November 30 2014, First Sunday in Advent
Who is This?
Isaiah 28:14-22, Psalm 50, Romans 13:8-14, St. Matthew 21:1-13
The road the Roman army built to connect Jericho to Jerusalem winds upwards 3,000 feet over the course of its 17 miles. It passes through Bethany and Bethphage, villages on the southeast slope of the Mount of Olives.
After crossing the mount it traverses the steep Kidron Valley and then enters Jerusalem. But every traveler must pull up atop the mount, which stands 300 feet higher than the temple hill and 100 feet above Mount Zion. He pauses to marvel at the panorama of the city before and below him.
As the Feast of Passover approaches, thousands of pilgrims from Galilee throng the highway, intent on offering their sacrifices to Yahweh in His temple on this high holy day and celebrating Israel’s exodus from Egypt with their compatriots.
Look yonder now. Among them is a Nazarene named Jesus. By no means is He entering Jerusalem for the first time . . . but it will be His last. He is a prophet; on that point everyone is agreed. On many other points travelers from Galilee and residents of Judea alike find His biography a jumble, His purpose a mystery.
He seems a man like any other; He has no exceptional stature, strikes no commanding pose that draws others to Him. Yet He has done wondrous works . . . turning water into wine . . . even raising the dead! What mere man can perform miracles such as these? Are they not signs of . . .? Who is this?
As He makes His way through the villages and between the farmsteads the clamor rises. Jesus seems unperturbed. Up til now He has shunned crowds as others dodge lepers . . . and plunged into the midst of lepers, bringing His healing touch.
When He has healed the sick and even the blind, He has admonished His beneficiaries not to proclaim Him.
But now He seems to invite a public spectacle. On His frequent journeys over the span of three years and more He has always walked; now He sits astride a young donkey. Look, the multitude are spreading their clothes on the road and bringing palm fronds to lay in His path.
This is a reception fit for a returning king or a conquering general. But . . . a donkey? Should He not straddle a warhorse, a formidable beast, snorting and stamping?
Israel’s prophets of yore had promised a Messiah, One who would liberate the people living in bondage as Moses had done, One greater than Moses. Could this be He? Who is this?
Listen! The people have invoked the prophecy of Zechariah:
"Rejoice greatly, O daughter of Zion! Shout, O daughter of Jerusalem! Behold, your King is coming to you; He is just and having salvation, lowly and riding on a donkey, a colt, the foal of a donkey” (9:9).
Can this be He? Listen again; notice what they add:
"Hosanna to the Son of David! `Blessed is He who comes in the name of the LORD!' Hosanna in the highest!"
Hosanna? Once it meant, “Save us.” In these times it is an acclamation. Are they praying to Him for salvation or hailing Him as their king?
What else do they add? “Son of David.” For their promised Deliverer will be of the line of their forefather, the all-conquering King David who routed the Philistines and lifted Israel to her greatest glory.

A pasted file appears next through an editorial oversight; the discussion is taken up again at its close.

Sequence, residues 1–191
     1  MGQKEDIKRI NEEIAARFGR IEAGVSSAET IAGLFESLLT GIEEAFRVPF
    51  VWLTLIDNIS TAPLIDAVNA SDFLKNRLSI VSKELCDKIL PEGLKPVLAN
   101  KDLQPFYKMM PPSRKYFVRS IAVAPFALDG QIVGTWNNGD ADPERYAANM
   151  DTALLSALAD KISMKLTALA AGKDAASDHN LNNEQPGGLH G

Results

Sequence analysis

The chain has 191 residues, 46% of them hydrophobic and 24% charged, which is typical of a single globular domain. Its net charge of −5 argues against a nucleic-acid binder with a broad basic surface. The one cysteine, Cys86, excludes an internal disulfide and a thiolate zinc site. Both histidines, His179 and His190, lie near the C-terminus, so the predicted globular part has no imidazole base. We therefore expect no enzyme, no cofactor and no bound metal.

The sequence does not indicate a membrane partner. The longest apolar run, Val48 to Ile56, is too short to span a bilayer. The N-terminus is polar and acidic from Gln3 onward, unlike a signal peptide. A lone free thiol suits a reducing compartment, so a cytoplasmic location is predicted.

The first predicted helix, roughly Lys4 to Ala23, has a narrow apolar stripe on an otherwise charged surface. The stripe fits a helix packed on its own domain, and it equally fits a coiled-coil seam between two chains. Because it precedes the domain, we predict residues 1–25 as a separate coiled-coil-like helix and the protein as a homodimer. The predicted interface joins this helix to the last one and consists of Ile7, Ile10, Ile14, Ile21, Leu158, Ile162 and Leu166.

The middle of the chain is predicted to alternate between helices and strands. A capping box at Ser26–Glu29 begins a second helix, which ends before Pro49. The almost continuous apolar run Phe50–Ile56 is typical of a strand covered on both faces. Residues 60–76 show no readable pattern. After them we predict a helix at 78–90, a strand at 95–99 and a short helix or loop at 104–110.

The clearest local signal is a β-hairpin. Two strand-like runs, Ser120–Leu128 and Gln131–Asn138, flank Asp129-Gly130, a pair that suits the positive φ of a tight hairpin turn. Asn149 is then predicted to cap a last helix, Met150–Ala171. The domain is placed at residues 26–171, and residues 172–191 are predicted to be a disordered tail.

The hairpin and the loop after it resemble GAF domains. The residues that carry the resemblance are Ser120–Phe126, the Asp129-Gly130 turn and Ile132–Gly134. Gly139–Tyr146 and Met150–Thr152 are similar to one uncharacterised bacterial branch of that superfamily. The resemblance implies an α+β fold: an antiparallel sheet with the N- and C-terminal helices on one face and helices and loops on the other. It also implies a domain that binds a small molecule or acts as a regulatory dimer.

As He enters Jerusalem the ground seems to shake. The Judeans, bedazzled, cry out, “Who is this?” The Galileans reply with one voice, “This is Jesus, the prophet from Nazareth of Galilee.”
A truthful response . . . but is it adequate? A prophet? The prophet? The final prophet? Or One yet greater still?
Look again at the solitary figure mounted on the donkey. Look closely and you may make out up ahead the shadow of the cross. Encompassed by a multitude, He is utterly alone. He speaks not a word. Like those prophets of old, He makes His statement by symbolic acts, a parable enacted.
Humble, lowly, He arrives upon a borrowed donkey. Or is it His? Has He claimed it as Creator of all and so Owner of all? Who is this?
Is He human or divine? Indeed.
Militant or peace-loving? Just so.
Royal or humble? Without a doubt.
Obedient or triumphant? By all means.
Bound for crucifixion or resurrection? To be sure.
Upon His donkey, He comes into Jerusalem, the royal city of His father David; Jerusalem, the holy city; Jerusalem, the city that kills the prophets.
A triumphal entry of One born to suffer? Oh my, yes. For only from suffering arises the humility to conquer the arrogance of sin, the sin of arrogance.
But enough! you protest. Enough of a picture that defies focus. Who is this? Say it plainly, is He man or is He God?
If He is not fully man, able to take the sins of all mankind upon Himself, He cannot save us. And if He is not fully God, who alone can forgive sin, He cannot save us. Then must He not be both God and man?
Today, beloved, we may give thanks that our forefathers in the earliest days of the church took the question head-on: Who is this? They struggled with it mightily, sometimes bitterly. They knew they must, for they must produce a creed – not to define Christ but to describe Him in terms to which all the faithful must agree.
We may wag our heads at their excesses here and there, their ornate disputation that turned them from the compassion their Lord called them to, but we must not degrade their contribution to the deposit of faith. . . their gift to us.
Cast an eye abroad today and you will see many trying to make God understandable. The Creator penetrated by the mind of the creature? Preposterous. Our fathers in the church would have none of it. We are eternally in their debt.
For this very question, “Who is this?” is the fulcrum of our being. Every one of us must face up to it. Is He the political Messiah for whom so many in Israel yearned, come to free us from the struggles of this vain life? Or is He the Holy One of whom the prophets spoke, born to suffer to take away our sin?
Jesus Christ is coming. Prepare to meet Him again. And rejoice, Christian; sing out “Hosanna!”: Save us! “Hosanna!”: We praise You! Amen.